Those who saw the storm approaching, and those that even did a surefire rain dance, seemed unfazed by this devastation. As the saying goes, “I got mine.” Except these three words are contrary to the guiding principles of capitalism. When the baker hands the grinning young boy his superhero cookie, the sentiment is a mutual, “thank you and have a nice day!”
Four years later and what’s changed? To most, nothing.
This is an excerpt from the Businessweek article, “Charities Still Love Wall Street Bankers” published on June 28, 2012:
Nonprofits often honor bankers because of their donations, says Naomi Levine, executive director of New York University’s George H. Heyman Jr. Center for Philanthropy and Fundraising. “Does this make me happy? No, it doesn’t. I look at what some of the banks and other insurance companies have done to the American economy and I’m not comfortable with it,” she says. “You try to balance your criticism of some of the things that Wall Street has done with the need.”
Like most things in life, nuances and the full circle character wheel matters. One positive attribute does not automatically excuse and/or bury from sight and memory deplorable actions. Good character is not easily earned but is greatly appreciated and acknowledged. It’s desirable…for most people anyway.
To many, there are still sharp contrasts and questions being pondered about today’s titans of industry:
Friend or Foe?
Safe or Risky?
Are we a Valued Customer or a ‘Muppet?’
Solvency or Bankruptcy?
Full Disclosure or Hidden Fees?
Truth vs. Lies
Strict Math or Statistical Manipulation?
Friendly Neighbor or Cold-Hearted Suit?
Are they at all sympathetic to our everyday struggles and understanding of our hope of providing a slightly better future for ourselves and our loved ones?
No system or institution can survive in the absence of morality. Just the mere existence of these propositions is troubling.
How does this get fixed?
Greed and hidden falsehoods is what projects from Wall Street these days, yet it shouldn’t. Most who earn a living here are hard working men and women who go through the daily grind so they, like most of us, can support their family and help send their children to college. But these stories are not told. If you watch any CNBC show, the conversations are strictly about money and stock prices. Fair enough, but where are the stories of who these trades affect? The personal narratives and identities are almost, if not completely, absent from their nonstop reporting.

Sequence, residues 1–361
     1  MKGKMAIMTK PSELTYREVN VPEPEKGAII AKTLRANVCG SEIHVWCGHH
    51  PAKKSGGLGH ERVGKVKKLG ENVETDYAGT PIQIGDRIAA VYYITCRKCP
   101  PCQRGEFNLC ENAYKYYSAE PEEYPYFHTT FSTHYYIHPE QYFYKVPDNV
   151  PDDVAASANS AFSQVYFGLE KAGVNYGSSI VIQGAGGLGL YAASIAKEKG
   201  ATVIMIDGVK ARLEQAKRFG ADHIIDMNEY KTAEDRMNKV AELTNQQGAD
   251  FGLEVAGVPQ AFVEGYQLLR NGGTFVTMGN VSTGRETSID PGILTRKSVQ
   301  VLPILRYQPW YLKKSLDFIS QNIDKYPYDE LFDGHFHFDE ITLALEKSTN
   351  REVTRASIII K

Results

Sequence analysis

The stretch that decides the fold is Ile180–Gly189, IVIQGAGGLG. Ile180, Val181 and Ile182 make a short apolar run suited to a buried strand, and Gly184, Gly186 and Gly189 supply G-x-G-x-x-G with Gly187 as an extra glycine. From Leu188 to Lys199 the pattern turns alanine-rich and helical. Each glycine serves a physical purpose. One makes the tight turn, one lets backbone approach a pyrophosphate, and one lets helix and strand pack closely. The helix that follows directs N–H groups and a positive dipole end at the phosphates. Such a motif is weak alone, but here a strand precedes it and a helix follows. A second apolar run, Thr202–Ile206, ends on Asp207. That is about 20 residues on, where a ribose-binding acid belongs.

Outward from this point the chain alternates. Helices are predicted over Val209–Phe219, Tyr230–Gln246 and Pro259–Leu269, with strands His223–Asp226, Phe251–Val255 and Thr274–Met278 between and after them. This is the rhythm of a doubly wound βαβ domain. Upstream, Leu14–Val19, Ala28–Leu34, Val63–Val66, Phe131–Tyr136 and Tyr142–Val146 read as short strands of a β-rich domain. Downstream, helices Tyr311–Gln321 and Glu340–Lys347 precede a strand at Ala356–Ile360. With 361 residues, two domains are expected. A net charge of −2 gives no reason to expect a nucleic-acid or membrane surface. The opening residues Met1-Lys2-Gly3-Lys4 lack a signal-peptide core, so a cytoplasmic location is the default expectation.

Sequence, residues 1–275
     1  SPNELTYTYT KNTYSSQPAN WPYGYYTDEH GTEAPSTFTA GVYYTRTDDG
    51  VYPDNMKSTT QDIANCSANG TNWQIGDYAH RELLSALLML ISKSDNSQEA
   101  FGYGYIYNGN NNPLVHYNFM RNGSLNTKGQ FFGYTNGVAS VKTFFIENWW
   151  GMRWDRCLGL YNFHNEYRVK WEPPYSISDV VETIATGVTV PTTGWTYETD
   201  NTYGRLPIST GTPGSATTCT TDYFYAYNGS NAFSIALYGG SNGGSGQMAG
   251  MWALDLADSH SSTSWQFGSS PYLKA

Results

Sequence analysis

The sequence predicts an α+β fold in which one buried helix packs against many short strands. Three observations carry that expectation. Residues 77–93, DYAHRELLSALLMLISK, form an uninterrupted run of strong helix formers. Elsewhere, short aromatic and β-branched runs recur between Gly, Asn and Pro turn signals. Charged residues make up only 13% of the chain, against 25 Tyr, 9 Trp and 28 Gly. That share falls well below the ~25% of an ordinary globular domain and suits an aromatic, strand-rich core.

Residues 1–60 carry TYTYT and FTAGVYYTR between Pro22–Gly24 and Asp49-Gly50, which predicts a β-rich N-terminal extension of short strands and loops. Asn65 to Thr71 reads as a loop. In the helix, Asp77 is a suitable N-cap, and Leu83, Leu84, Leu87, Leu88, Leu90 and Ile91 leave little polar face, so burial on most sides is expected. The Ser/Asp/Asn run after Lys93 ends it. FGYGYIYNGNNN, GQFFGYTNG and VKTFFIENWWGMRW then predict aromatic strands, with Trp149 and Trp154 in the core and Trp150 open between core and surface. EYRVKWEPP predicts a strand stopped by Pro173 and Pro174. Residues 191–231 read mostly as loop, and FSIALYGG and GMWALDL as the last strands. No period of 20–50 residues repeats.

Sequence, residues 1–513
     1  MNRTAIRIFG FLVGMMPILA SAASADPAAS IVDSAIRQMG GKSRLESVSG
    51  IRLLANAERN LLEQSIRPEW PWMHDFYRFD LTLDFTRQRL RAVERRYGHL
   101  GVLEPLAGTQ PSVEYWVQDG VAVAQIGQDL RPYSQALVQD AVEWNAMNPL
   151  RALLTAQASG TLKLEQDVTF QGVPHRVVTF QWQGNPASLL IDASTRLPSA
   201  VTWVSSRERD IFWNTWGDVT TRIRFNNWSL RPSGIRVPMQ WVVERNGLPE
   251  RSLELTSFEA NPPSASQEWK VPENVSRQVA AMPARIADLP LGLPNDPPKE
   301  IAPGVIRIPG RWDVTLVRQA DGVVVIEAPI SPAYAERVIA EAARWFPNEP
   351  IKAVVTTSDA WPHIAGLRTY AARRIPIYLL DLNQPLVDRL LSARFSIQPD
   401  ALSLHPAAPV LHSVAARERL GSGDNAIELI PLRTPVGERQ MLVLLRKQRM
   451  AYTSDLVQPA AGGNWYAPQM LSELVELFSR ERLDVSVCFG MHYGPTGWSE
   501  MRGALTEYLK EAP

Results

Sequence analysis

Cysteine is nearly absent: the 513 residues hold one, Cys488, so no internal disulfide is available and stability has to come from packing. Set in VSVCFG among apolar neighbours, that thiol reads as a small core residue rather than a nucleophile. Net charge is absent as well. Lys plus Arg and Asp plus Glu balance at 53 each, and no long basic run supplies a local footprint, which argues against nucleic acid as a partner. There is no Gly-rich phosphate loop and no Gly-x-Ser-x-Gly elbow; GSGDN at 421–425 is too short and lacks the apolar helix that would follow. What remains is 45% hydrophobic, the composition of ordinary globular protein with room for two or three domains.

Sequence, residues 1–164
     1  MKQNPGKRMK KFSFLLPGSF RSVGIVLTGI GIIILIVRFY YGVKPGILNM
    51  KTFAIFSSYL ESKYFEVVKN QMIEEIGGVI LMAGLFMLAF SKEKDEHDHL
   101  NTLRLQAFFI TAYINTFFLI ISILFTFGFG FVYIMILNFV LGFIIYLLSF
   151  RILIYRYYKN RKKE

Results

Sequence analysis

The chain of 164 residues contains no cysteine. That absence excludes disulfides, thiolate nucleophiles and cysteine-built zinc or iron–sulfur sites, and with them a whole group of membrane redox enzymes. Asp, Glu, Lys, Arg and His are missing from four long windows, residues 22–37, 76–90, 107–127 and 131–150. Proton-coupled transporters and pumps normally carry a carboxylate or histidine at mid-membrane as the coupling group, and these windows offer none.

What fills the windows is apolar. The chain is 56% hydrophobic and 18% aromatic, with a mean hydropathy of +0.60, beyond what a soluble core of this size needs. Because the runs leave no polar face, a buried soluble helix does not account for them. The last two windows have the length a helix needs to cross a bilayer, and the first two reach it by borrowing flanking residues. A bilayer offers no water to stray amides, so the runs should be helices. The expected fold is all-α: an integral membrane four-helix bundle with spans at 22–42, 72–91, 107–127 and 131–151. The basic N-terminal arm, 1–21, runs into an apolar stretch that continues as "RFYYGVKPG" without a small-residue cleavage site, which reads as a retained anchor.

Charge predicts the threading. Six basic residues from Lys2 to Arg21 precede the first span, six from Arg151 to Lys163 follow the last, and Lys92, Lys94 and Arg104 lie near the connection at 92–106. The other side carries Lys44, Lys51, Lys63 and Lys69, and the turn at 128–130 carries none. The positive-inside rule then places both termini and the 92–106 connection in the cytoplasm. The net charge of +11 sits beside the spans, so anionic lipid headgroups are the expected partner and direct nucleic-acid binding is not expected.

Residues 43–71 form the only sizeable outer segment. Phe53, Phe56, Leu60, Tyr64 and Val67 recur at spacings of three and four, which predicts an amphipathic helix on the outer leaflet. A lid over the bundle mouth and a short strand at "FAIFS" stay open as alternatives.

Keep in mind their news cycle is 24 hours long.
The additional fact that computers and complicated formulas play such a vital role on Wall Street is unnerving and it furthers the blurring of faces and personal compassion.
There is constant discussion of new and more effective regulations for those who have deceived the market and its participants. However, 1. Free markets work best with flexibility, 2. Regulations are good and necessary, but just not an excessive amount or arbitrary in nature and 3. If the characters are the same, no regulation will transform the system as desired.
To elaborate on number 3, think about football coach Jim Tressel. During his tenure at Ohio State, he was persistently pressured to call more exciting plays. Over this time frame, a wildly creative play (by his standards) here and there was thrown in and most times had great success. But Tressel was Tressel and he was never going to change his offensive philosophy even if and when success was clearly shown on the gridiron.
In fact, as can happen to those who remain at a powerful position for a long period of time, it was revealed more than a year and a half ago that Tressel made a few bad decisions. Significant sanctions, plus him being fired, occurred as a result. It was not Ohio State that failed, but rather one of its many leaders.
Just like the financial giants who led America’s economy down to its knees, neither Tressel nor those investment bankers ever sincerely apologized for their destructive actions. Of all the coaches who you would expect to do so, he didn’t. That silence ironically spoke volumes, as did that of the CEO’s, disclosing how they truly view themselves relative to us: above it all no matter what.
If the players in the system on Wall Street are not changed, then the actions will remain about the same. Only bringing in Urban Meyer and his spread offense made Ohio State a spread offense football team. Similarly, only by recruiting a different kind of financial wizard out of business school or veteran business man or woman to lead on Wall Street will transform the mindset of the workers and culture they inhabit.
Wall Street is not the enemy. Capitalism is not perfect, but it certainly is not evil. Like in any good story, the characters are pivotal. In recent years, the characters in the financial institutions have been bad and therefore have corrupted the very system that assists millions in making college payments, affording a home mortgage, buying food, a car, paying the electric and water bills and so on.
There’s the Bear and Bull Market. Perhaps it’s time to add a Bald Eagle Market: It soars high, but not at a dangerous level. When resting, it’s protective. While it makes daring swoops to eat, it always returns to a steady and beautiful flight.
When Jay Leno has a guest that appears in what he considers a great movie, that person and the audience will know. He is genuinely happy to boast about a film’s many wonderful attributes, including an actor’s insightful portrayal.
If pressed, would you rather pay to see a major motion picture featuring Tom Hanks or Lindsay Lohan? Both are actors, but one is going to tell a much better story.